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Philosophy of SCNA

SCNA believes that nursing is a professional discipline and an essential service in meeting the health care needs of patients as individuals, groups, or communities. In support of this philosophy:

  1. Nursing practice for registered nurses is defined in the nurse practice act of the State of South Carolina as "the performance of acts that involve assessment, analysis, intervention and evaluation. This practice requires specialized independent judgment and skill, and is based on knowledge and application of the principles of biophysical and social sciences;”
  2. Nurses practice independently or collaboratively in accordance with their education and clinical credentials;
  3. Nurses are encouraged to seek baccalaureate and higher degrees, to engage in life long learning and be employed according to role preparation;
  4. Critical thinking is an essential competency for registered nurses;
  5. Nurses are responsible to consumers for their practice and therefore must be responsive to individuals at all levels of wellness and from all cultural backgrounds;
  6. Nurses are responsible for the ethical practice of nursing according to the ANA Code of Ethics for Nurses;
  7. Nurses are engaged in activities to improve health care standards and health care accessibility for all people;
  8. All nursing practice includes the art of caring. Professional nurses are providers, managers, coordinators, educators, administrators, researchers of care in all settings;
  9. "Advanced Practice Registered Nurses (APRN) means a registered nurse who is prepared for an advanced practice registered nursing role by virtue of additional knowledge and skills gained through an advanced formal education program of nursing in a specialty area that is approved by the Board of Nursing. The categories of APRN are the nurse practitioner (NP), certified nurse-midwife (CNM), clinical nurses specialist (CNS), and certified registered nurse anesthetist (CRNA). The NP, CNM, CNS, and CRNA hold a nursing doctorate, a post-nursing master’s certificate or a minimum of a master’s degree that includes advanced education composed of didactic and supervised clinical practice in a specific area of advanced practice registered nursing” (SC Nurse Practice Act);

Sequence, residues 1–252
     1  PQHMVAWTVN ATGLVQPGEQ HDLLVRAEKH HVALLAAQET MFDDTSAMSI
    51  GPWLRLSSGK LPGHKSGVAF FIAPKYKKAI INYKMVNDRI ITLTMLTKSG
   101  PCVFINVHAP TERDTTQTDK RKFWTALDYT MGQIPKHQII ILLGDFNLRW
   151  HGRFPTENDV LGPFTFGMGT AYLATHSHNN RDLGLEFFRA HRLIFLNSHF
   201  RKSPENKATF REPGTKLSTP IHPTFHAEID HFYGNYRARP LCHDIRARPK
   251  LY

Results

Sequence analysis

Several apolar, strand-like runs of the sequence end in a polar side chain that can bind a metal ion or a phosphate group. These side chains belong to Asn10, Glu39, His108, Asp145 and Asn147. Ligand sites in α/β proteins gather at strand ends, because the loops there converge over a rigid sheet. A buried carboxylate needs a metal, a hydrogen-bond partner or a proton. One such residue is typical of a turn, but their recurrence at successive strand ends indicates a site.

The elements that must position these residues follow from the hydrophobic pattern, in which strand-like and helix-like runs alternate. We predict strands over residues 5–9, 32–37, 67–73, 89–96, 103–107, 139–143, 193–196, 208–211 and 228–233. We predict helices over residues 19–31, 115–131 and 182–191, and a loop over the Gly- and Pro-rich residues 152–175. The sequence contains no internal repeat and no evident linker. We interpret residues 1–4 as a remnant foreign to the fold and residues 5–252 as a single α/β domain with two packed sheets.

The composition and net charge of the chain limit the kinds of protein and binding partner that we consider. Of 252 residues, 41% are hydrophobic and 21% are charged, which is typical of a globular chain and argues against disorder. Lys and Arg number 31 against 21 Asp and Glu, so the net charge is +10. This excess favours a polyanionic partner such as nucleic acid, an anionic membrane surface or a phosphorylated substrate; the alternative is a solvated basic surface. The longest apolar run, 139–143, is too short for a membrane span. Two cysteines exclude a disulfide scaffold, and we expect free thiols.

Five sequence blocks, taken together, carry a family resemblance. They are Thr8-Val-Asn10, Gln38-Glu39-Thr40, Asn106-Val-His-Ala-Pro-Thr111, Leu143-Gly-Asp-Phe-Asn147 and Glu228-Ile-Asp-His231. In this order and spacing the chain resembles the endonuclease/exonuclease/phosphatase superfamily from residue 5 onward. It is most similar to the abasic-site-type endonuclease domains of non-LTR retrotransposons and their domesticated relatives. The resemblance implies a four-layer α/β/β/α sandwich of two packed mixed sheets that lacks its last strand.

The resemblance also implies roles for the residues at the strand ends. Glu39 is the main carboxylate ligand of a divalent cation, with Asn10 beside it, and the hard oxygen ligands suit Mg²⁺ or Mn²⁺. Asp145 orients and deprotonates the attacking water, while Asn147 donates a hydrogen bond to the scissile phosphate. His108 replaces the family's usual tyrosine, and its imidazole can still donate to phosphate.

10. Nurses are responsible for their own professional development and competencies. Continuing education and other professional activities enhance nursing practice and help to assure consumers of quality nursing care outcomes. Nurses are encouraged to obtain and maintain competence. "Competence is a dynamic concept, changing as the licensed nurse achieves a higher stage of development, responsibility, and accountability within the role. The role encompasses the possession and interrelation of essential knowledge, judgment, attitudes, values, skills and abilities which are varied and range in complexity” (SC Nurse Practice Act);
  11. Nurses assure competent care and advance the practice of nursing by promotion, dissemination and utilization of research findings;
  12. Nurses influence health policy through legislative and political action;
  13. Workplace advocacy issues are a vital concern for nurses and nursing;
  14. Marketing the professional practice of nursing and the Professional Association to the public, legislators, and nurses is a priority.

Approved by the Board of Directors, October 14, 1981
Reviewed and Revised, June, 1998
Reviewed and Revised, October, 2000
Reviewed and Revised, May 2004

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Selina H. McKinneySCNA President - Elect
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